Hezekiah son of Ahaz began to rule over Judah in the third year of King Hoshea's reign in Israel.
He was twenty-five years old when he became king, and he reigned in Jerusalem twenty-nine years. His mother was Abijah, the daughter of Zechariah.
References for 2 Kings 18:2
He did what was pleasing in the LORD's sight, just as his ancestor David had done.
He removed the pagan shrines, smashed the sacred pillars, and knocked down the Asherah poles. He broke up the bronze serpent that Moses had made, because the people of Israel had begun to worship it by burning incense to it. The bronze serpent was called Nehushtan.
References for 2 Kings 18:4
Hezekiah trusted in the LORD, the God of Israel. There was never another king like him in the land of Judah, either before or after his time.
He remained faithful to the LORD in everything, and he carefully obeyed all the commands the LORD had given Moses.
So the LORD was with him, and Hezekiah was successful in everything he did. He revolted against the king of Assyria and refused to pay him tribute.
He also conquered the Philistines as far distant as Gaza and its territory, from their smallest outpost to their largest walled city.
During the fourth year of Hezekiah's reign, which was the seventh year of King Hoshea's reign in Israel, King Shalmaneser of Assyria attacked Israel and began a siege on the city of Samaria.
Three years later, during the sixth year of King Hezekiah's reign and the ninth year of King Hoshea's reign in Israel, Samaria fell.
At that time the king of Assyria deported the Israelites to Assyria and put them in colonies in Halah, along the banks of the Habor River in Gozan, and among the cities of the Medes.
For they had refused to listen to the LORD their God. Instead, they had violated his covenant -- all the laws the LORD had given through his servant Moses.
In the fourteenth year of King Hezekiah's reign, King Sennacherib of Assyria came to attack the fortified cities of Judah and conquered them.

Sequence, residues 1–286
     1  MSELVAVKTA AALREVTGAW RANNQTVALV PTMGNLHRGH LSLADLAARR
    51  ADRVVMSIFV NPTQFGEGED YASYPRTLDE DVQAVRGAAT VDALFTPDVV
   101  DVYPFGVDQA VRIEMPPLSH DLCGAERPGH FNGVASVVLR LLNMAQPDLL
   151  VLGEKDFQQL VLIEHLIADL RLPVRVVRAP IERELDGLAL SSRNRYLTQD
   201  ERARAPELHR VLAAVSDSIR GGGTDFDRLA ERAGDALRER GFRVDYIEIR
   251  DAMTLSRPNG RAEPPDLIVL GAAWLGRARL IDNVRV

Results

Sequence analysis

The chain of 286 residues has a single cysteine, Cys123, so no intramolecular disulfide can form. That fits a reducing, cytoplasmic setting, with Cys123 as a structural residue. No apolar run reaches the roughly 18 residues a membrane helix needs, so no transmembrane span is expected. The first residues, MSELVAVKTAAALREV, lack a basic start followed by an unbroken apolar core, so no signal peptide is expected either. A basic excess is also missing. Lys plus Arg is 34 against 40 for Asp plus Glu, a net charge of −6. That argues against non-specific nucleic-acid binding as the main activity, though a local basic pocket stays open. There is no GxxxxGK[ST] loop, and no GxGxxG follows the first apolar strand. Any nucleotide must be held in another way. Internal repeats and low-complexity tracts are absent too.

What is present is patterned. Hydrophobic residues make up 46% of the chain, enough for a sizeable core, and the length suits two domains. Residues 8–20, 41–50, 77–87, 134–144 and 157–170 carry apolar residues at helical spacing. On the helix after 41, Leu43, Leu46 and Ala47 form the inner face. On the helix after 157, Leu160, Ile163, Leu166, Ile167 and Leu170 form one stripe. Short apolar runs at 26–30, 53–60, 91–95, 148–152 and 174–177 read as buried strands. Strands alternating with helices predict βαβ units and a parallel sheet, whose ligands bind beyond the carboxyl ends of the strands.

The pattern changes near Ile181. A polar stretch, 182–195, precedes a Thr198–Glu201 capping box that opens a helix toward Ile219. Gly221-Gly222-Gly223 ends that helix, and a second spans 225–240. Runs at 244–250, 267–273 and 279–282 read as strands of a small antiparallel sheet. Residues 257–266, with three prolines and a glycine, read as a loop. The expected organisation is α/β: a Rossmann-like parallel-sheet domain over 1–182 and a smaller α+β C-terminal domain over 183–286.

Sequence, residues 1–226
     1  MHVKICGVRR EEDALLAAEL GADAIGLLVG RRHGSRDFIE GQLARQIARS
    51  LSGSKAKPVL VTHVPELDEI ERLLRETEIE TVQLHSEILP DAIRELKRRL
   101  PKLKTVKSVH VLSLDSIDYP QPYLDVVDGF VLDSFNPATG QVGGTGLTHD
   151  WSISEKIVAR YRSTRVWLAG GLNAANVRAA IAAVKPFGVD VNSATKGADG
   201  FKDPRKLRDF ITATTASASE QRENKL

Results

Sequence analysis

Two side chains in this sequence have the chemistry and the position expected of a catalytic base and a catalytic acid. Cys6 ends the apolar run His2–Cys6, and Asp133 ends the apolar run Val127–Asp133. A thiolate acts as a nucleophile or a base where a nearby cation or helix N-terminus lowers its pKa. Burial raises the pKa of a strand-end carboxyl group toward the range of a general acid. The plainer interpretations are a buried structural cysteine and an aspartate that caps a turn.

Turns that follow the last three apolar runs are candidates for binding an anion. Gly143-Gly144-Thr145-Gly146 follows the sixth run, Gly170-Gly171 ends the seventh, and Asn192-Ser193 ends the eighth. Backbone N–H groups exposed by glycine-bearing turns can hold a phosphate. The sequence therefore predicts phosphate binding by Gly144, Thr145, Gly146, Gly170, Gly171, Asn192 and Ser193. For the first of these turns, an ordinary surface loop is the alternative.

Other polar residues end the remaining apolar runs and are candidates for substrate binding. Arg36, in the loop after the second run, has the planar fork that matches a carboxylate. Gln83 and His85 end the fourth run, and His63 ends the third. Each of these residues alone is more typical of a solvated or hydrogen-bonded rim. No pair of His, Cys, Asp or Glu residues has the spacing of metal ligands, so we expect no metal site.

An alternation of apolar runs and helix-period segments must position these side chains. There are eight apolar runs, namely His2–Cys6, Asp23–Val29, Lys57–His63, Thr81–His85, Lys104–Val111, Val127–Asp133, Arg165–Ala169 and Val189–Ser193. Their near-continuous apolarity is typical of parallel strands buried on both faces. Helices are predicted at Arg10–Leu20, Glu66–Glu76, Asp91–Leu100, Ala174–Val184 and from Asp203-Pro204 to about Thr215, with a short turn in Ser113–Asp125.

King Hezekiah sent this message to the king of Assyria at Lachish: "I have done wrong. I will pay whatever tribute money you demand if you will only go away." The king of Assyria then demanded a settlement of more than eleven tons of silver and about one ton of gold.
References for 2 Kings 18:14
To gather this amount, King Hezekiah used all the silver stored in the Temple of the LORD and in the palace treasury.
Hezekiah even stripped the gold from the doors of the LORD's Temple and from the doorposts he had overlaid with gold, and he gave it all to the Assyrian king.
Nevertheless the king of Assyria sent his commander in chief, his field commander, and his personal representative from Lachish with a huge army to confront King Hezekiah in Jerusalem. The Assyrians stopped beside the aqueduct that feeds water into the upper pool, near the road leading to the field where cloth is bleached.
They summoned King Hezekiah, but the king sent these officials to meet with them: Eliakim son of Hilkiah, the palace administrator, Shebna the court secretary, and Joah son of Asaph, the royal historian.
Then the Assyrian king's personal representative sent this message to King Hezekiah: "This is what the great king of Assyria says: What are you trusting in that makes you so confident?